NRS 213.625 – Overview of the Judicial Program Governing the Referral of Offenders to Re-entry Court, the Requirements of Participating in a Program as a Condition of Parole, and the Powers and Duties of the Board
The State Board is obligated by law to perform various duties focussed on the offender. The powers and duties of the Board are revised under Nevada Revised Statutes.
Judicial Program for Prisoners and Parolees
- NRS 213.625 provides that once a judicial program is established that a prisoner may be paroled in, the Board’s Chairperson, having consulted the Division, may refer the prisoner on parole or considered for parole to undertake the program.
- The Chair may also make a referral for a prisoner considered for parole or one in parole and has violated a requirement of his or her parole to the re-entry court if it is believed that the person:
- Is fit for the program and that the program would benefit him or her.
- Has clearly shown a willingness to:
- Seek employment, skills training or vocational rehabilitation.
- Complete restitution to victims of his or her crime.
The re-entry court may issue a notification to the Chair, of a prisoner or parolee that should be ordered to undertake the judicial program, following NRS 209.4883. In this case, the Board may:
- Include as a condition of parole that the parolee enroll and undertake the judicial program to completion.
- In the case of a parolee who violated a condition of his or her parole, order the parolee to participate in the judicial program as a condition for parole continuation.
The Board may place a prisoner in the custody of the Division requiring the prisoner to participate in the judicial program.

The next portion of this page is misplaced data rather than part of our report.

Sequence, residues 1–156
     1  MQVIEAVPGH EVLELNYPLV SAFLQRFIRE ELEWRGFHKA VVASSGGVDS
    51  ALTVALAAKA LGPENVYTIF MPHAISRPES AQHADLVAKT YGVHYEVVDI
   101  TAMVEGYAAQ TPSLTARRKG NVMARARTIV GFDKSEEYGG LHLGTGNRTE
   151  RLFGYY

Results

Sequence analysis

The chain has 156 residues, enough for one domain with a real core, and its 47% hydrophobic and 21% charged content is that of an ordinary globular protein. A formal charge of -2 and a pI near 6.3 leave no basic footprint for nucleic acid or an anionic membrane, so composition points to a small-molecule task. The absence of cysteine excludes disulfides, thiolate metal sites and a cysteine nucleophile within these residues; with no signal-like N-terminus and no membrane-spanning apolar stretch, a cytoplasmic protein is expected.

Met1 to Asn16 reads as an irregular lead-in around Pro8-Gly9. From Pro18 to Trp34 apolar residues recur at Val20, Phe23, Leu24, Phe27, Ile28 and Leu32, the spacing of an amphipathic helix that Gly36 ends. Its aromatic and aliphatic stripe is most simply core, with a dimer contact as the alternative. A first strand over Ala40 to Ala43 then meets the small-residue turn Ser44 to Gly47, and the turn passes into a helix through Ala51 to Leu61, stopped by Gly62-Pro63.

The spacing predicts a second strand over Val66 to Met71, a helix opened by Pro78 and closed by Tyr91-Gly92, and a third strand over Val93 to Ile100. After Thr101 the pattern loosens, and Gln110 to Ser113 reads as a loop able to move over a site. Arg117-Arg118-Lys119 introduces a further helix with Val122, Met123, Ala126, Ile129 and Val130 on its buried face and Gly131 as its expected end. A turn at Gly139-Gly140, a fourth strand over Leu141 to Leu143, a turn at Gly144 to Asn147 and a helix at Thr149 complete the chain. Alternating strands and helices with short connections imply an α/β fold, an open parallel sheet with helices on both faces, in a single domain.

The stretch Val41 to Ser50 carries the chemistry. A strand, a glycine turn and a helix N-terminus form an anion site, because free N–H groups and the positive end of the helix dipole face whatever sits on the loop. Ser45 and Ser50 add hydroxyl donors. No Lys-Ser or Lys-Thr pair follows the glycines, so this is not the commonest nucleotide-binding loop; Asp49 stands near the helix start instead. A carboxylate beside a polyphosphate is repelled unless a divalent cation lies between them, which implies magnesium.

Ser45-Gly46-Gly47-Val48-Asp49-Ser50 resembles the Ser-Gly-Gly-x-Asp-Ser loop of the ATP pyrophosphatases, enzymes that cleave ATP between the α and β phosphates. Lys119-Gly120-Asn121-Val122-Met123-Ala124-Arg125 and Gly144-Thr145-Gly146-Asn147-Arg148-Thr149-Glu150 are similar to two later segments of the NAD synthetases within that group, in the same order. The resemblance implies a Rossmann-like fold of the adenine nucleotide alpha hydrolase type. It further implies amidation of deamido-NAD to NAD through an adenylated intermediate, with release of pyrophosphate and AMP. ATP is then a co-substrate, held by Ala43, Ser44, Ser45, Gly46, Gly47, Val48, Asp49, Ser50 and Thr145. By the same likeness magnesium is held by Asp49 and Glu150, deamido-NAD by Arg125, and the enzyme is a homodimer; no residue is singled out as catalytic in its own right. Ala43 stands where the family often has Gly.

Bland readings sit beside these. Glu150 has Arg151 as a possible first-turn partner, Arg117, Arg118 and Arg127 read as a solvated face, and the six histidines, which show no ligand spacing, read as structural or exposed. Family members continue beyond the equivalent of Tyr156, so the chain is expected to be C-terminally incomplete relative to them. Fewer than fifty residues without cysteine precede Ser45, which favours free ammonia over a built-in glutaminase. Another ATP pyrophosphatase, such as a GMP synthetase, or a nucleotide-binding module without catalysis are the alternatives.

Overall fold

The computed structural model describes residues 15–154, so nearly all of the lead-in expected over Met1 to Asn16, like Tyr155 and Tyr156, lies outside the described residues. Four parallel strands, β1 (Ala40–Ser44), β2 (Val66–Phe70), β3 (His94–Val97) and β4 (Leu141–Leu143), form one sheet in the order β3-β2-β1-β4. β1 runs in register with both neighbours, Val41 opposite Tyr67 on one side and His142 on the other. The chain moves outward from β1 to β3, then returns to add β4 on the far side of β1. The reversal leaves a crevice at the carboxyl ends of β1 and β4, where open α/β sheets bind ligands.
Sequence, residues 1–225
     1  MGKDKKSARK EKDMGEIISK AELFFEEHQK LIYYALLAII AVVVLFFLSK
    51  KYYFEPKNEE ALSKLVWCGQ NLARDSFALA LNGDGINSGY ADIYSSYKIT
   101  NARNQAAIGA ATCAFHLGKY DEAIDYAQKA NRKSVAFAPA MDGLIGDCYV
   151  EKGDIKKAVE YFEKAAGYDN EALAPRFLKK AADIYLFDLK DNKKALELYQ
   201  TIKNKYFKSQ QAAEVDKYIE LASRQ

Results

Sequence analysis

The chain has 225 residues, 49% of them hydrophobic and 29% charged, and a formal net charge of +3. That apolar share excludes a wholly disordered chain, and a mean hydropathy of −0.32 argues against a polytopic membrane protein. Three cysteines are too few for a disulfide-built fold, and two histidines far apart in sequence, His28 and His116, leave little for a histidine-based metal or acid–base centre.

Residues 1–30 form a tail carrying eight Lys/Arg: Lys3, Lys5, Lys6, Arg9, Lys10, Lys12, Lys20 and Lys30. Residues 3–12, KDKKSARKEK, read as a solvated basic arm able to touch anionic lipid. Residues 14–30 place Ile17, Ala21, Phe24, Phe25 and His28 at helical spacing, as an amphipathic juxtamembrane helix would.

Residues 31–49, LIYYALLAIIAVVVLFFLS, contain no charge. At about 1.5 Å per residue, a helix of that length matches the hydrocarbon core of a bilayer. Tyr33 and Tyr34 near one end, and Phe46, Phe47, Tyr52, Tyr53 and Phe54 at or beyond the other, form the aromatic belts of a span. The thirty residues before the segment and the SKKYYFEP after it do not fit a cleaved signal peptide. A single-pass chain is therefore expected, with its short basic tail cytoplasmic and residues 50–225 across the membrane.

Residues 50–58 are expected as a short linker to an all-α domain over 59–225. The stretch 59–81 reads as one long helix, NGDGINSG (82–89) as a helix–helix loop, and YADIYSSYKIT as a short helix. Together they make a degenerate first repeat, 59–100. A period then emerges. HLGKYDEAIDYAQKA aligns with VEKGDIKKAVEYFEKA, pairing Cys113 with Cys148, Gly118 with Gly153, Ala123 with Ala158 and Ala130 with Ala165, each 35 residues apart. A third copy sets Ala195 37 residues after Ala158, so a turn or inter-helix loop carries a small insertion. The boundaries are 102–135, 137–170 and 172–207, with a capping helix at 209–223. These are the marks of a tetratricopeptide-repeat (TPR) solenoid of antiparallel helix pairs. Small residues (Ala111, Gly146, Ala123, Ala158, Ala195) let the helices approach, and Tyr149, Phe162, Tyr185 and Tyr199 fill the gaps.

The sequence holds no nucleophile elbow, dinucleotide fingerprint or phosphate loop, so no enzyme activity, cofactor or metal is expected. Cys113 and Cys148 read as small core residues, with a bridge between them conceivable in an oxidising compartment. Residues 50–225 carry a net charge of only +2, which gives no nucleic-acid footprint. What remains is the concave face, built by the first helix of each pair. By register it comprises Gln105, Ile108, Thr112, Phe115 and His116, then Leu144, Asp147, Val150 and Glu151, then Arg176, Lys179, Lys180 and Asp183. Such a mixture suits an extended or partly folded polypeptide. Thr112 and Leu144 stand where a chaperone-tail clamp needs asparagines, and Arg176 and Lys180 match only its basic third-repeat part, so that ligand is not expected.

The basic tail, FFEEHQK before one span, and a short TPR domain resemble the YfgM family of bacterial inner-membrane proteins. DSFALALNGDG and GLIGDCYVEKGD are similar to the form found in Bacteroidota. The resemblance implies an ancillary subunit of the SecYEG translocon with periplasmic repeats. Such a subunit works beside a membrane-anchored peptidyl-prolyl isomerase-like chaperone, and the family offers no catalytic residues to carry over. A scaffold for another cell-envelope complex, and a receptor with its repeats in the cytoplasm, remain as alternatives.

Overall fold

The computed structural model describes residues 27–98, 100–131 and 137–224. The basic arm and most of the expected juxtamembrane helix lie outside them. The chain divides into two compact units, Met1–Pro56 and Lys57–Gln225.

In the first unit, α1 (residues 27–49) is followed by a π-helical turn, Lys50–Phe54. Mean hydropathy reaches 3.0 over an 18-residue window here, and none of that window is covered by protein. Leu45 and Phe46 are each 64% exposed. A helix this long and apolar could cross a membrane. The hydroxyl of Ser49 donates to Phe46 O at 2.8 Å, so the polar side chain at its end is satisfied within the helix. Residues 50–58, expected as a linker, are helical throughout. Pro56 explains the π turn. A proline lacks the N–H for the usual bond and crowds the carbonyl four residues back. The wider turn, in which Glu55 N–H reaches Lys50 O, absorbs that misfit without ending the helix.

What the Board Considers when Ordering a Person to Participate in a Judicial Program
- The Board takes into consideration:
- The person’s criminal record.
- The public’s safety and wellbeing.
- The Board puts in place regulations requiring the persons ordered to undertake the judicial program and complete the program, to compensate the Division and re-entry court for the cost of their participation in the judicial program.
- The Board shall consider the prisoner’s period of sentence and shall not require a prisoner to participate in a judicial program that takes longer than the prisoner’s maximum sentence.
Powers and Duties of the Board
Where the prisoner is not granted parole, they are given a hearing date by the Board according to NRS 213. 142. The board is mandated to issue the parolee with a code of conduct upon his or her release.
According to NRS 213.122, the release of sexual offenders on parole calls for the Division to closely supervise the prisoner’s conduct and behavior as directed by the Board.
When the Board finds a reasonable possibility that the parolee is a threat to the public, according to subsection 1, the board may decline to give the parole to the prisoner.
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The prisoner may also not be released on parole in case he or she is noted as a focus in a lawful request by another legal agency, requesting that the prisoner scheduled for parole be held or released for detainment by the legal agency.
The Board is mandated to immediately release the prisoner on parole when the prisoner’s program of activities while on parole is identified and established.